• Travellers can also go and check out the Kgalagadi Transfrontier Park which spills around into Botswana. To arrive here, you need to take an internal flight with South African ‘Airlink’ to Upington from either Cape Area or Johannesburg. The Twee Rivieren Entry Gate is approximately three hundred km north of Upington and the only way to go there is by driving.

 

  • The Kalahari is situated in the south and east of Africa and travelers combine it with a trip to this majestic Fish River Canyon. Getting the Kalahari Desert is not easy; it is a very, very long drive from either Southern Africa or Windhoek. As such most travelers check out Botswana to experience the Kalahari since it is the most practical option.

 

  • The Kalahari is usually an ideal travel destination if you also go and visit the Chobe National Park plus the Okavango Delta, which will give you a real sense of Botswana.

 

  • One of the diverse deserts on earth is Mojave Desert. You will find five regions on this desert. Some of them include southwestern, northern, central, southern central and western regions.

 

  • Desert is considered as the driest area on earth. It only gets 10 inches of rain on a yearly basis. There is a little number of plants that can survive in Deserts and its areas. You will only get to see the low vegetation plants right here. You can walk in a desert and view the bare soil that the desert has. The size of a desert is estimated 33 square km.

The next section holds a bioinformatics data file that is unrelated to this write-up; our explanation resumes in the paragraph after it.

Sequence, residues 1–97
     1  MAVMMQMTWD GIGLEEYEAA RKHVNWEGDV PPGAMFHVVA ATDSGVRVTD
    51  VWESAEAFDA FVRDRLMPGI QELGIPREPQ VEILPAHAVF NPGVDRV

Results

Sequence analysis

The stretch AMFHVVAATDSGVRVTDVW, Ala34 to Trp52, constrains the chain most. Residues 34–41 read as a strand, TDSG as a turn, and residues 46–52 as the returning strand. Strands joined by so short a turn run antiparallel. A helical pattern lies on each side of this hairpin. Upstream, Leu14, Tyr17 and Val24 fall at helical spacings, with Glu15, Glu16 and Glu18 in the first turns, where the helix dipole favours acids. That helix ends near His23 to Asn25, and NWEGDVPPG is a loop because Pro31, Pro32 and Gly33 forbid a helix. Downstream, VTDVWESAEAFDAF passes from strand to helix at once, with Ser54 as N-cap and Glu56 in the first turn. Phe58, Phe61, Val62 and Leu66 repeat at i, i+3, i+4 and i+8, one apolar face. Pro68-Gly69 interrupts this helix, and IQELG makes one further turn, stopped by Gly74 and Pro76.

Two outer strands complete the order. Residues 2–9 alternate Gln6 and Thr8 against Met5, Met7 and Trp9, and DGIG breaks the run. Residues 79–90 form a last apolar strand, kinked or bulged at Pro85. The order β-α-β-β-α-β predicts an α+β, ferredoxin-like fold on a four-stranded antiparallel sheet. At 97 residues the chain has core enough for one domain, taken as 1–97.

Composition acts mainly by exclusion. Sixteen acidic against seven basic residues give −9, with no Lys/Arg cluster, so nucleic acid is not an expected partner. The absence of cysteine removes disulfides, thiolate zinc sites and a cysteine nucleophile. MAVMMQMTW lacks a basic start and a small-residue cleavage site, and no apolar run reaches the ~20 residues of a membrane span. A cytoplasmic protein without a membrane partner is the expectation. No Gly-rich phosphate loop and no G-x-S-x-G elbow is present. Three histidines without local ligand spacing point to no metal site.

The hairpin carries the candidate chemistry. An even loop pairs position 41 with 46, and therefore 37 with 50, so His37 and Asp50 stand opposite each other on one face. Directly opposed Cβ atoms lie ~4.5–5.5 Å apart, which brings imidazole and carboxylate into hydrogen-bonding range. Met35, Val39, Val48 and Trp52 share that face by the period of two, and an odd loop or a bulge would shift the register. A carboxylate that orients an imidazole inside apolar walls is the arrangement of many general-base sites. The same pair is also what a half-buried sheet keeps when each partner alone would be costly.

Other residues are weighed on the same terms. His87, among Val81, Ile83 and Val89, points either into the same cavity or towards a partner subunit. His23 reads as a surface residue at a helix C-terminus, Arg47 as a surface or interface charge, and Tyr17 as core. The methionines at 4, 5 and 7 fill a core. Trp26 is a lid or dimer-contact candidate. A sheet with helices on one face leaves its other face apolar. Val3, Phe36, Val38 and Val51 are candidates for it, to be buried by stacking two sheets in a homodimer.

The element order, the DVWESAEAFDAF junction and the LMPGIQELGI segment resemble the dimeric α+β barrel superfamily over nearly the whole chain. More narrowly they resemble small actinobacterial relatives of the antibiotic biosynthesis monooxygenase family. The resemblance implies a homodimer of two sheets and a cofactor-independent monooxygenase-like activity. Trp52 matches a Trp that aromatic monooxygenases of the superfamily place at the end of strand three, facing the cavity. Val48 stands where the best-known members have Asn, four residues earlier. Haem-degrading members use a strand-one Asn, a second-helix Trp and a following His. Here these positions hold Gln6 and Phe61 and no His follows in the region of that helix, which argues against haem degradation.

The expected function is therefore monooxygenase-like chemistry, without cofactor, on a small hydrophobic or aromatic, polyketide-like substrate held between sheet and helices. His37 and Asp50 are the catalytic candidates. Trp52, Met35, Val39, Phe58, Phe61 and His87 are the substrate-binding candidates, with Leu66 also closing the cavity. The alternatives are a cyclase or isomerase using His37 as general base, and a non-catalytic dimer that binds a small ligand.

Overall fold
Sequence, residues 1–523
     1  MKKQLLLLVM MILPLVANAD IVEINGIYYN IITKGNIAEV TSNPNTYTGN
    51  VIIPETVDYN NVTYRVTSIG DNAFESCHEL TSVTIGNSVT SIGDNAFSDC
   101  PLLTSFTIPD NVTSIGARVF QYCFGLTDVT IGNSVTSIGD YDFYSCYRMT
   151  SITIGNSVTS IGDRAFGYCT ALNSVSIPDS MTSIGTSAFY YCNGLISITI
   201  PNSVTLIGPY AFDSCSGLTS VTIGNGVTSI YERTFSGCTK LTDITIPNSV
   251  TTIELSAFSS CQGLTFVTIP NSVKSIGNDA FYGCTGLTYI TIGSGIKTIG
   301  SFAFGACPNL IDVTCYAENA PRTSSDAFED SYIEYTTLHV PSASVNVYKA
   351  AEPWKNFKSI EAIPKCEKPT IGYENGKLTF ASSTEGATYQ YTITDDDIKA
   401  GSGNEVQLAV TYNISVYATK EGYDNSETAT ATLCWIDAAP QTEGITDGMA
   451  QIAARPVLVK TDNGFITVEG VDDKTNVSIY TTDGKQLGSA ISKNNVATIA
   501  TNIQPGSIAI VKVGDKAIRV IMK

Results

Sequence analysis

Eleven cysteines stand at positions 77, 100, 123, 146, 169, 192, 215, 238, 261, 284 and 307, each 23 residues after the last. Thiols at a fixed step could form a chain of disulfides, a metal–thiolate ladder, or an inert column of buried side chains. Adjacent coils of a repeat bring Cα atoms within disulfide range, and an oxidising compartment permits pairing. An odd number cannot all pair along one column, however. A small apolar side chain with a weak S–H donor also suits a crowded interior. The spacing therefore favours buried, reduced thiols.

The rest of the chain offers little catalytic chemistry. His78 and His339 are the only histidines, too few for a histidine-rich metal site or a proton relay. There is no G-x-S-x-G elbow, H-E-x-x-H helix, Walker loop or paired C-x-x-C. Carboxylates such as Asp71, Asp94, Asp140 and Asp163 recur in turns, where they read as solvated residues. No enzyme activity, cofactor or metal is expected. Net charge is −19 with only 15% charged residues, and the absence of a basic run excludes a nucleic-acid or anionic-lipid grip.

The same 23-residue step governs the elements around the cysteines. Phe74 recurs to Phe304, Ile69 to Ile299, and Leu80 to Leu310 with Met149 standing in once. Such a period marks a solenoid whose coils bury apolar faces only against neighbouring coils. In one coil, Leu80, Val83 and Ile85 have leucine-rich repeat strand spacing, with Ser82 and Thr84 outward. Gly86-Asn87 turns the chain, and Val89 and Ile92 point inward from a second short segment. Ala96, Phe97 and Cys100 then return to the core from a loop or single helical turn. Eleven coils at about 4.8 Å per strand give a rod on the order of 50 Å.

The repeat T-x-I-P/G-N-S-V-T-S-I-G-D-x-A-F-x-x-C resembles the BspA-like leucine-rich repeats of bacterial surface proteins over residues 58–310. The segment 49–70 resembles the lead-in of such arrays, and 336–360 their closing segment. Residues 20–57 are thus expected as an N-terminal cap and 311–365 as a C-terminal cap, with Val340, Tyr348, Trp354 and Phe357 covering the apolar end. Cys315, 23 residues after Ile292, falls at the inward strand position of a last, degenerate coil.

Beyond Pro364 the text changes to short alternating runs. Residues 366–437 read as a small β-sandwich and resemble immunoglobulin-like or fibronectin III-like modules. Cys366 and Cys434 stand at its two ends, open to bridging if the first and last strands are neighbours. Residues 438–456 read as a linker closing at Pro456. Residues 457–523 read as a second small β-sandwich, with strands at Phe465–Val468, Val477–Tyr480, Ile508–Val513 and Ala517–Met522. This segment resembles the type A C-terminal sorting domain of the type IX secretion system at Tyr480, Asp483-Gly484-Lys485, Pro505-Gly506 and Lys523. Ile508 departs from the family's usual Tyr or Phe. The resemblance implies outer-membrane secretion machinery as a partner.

• The formation of a desert depends on the soil condition and topography of a specific land. In the Asian and North American desert, it’s formed as a result of tectonic movement which has effects on the lowland sedimentary plains.

 

  • Moving into a desert can be difficult for a person. The high intensity of sun light with lack of water may make your living there very difficult. It will likely be hard for a human to survive in such conditions, with no water and food.

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  • Deserts generally receive lower than 40cm (16in) of rain a year.

 

  • Around one third on the Earth’s surface is filled with deserts.

 

  • Originally ‘Desert” means ‘A Abandoned Place’.

 

  • Only around 20% deserts on Earth are covered in sand.

 

  • Other large deserts include the Gobi Desert of Asia, the Kalahari Desert in Africa, the Patagonian Desert in South America, the Great Victoria Desert in Australia, the Great Basin Desert in America and the Syrian Desert in the Middle-East.

 

  • Deserts have very reduced humidity.

 

  • Despite the extreme conditions, deserts are home to a selection of plant life including various cacti and shrubs. They are also home to animals for example lizards and coyote.

 

  • With not enough water, the high temperatures in the daytime and also sometimes freezing conditions through the night, deserts can be very dangerous places for individuals.

 

  • Deserts can be beneficial locations to farm power from the sun.